Anyway, as I indicated last time, Speedy Jones Turbo, our classroom snail has some FRIENDS!!!  Yes, we now have 3 garden snails as pets in our classroom.  Prior to the two new additions, we had discussed the necessity of acquiring another snail, perhaps as a "back-up" snail in case Speedy (ahem) didn't make it.  The weekend after this discussion took place, Mrs. DeNier and one of the first grade teachers in my building, Mr. McKean, both scoured their yards for snails to bring to school, with no luck whatsoever.  I, on the other hand, did not look for snails in my yard AT ALL (even though I live on almost 2 acres and have plenty of room to search).  When I walked out to my garage that Monday morning to leave for work, I saw a snail on the outside of the garage, stuck to the wall.  I went inside to get a Dixie cup to transport it to school.   On my way inside, I saw ANOTHER snail on the sidewalk.  This was quite remarkable since I have lived in my current home for 11 years and cannot recall EVER seeing snails just hanging around. 

So, I drove to work that day with two little Dixie cups full of snail in the cup-holders of my van.  One of the snails crawled to the top of the cup during the drive and perched itself right on the rim of the cup, making me quite nervous about losing him in the van on the way to school.  Luckily, I was able to nudge him gently back into the cup and transport him safely into the snail habitat in our classroom.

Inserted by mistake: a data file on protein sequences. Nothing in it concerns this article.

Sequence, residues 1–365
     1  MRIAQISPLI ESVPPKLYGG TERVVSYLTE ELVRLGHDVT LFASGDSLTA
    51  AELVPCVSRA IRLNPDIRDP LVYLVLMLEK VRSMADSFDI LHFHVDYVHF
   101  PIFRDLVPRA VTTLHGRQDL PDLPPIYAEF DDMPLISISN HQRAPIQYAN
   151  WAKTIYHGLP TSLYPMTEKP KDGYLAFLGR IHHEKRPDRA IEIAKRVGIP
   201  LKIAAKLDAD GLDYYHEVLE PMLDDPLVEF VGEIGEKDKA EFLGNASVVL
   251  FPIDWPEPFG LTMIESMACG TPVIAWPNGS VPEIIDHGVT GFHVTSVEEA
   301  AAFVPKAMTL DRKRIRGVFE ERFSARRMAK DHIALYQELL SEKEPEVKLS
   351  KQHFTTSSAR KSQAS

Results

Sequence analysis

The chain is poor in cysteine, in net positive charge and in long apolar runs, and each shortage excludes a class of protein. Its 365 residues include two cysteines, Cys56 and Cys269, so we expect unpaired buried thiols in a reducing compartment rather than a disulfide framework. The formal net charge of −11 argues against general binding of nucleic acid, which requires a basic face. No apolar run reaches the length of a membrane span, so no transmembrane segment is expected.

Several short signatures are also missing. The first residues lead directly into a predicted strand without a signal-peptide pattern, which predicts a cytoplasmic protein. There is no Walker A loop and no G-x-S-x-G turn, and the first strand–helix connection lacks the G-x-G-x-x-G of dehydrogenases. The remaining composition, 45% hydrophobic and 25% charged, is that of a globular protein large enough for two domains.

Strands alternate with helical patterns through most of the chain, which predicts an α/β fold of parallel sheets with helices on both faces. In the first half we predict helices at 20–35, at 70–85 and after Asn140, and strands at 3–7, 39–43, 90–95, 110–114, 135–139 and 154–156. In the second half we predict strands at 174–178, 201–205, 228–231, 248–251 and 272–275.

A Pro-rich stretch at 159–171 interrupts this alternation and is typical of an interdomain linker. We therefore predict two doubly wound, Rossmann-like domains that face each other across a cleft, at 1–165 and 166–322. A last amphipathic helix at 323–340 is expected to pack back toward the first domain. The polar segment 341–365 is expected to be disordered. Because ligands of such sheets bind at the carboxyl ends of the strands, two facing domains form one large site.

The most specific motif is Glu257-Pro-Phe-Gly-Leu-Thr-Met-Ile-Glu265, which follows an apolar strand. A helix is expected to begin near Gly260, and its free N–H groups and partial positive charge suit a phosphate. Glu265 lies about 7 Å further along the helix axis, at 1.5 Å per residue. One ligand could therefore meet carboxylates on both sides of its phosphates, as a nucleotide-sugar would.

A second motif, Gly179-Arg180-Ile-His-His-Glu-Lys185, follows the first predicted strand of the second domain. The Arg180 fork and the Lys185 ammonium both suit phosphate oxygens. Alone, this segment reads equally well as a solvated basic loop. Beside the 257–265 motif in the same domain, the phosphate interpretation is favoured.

Naturally, the littles were MAJORLY excited to come to school on Monday and find out that we had acquired two new snails.   We did not hurry to name the new snails for some reason.  However, we did find some snail coloring pages that I put out at the art center for coloring.  One afternoon, Miss Moritz decided to sit with the littles and color her own snail.  Being a precise and meticulous artist, she took her time and created a beautiful snail to hang on our small classroom refrigerator.  She decided to name her snail, Ralph, which she wrote at the bottom of her paper.  She then asked Mrs. DeNier what Ralph's middle name should be.  Mrs. DeNier randomly suggested "Waldo", thinking of "Where's Waldo?".  As they went to tape the snail picture on the refrigerator, they noticed that the brand name of the refrigerator (which was conveniently and serendipitously located to the RIGHT of the taped-up snail picture) was EMERSON.  It quickly dawned on them that this was a SIGN that one of our newest snails should be named, Ralph Waldo Emerson.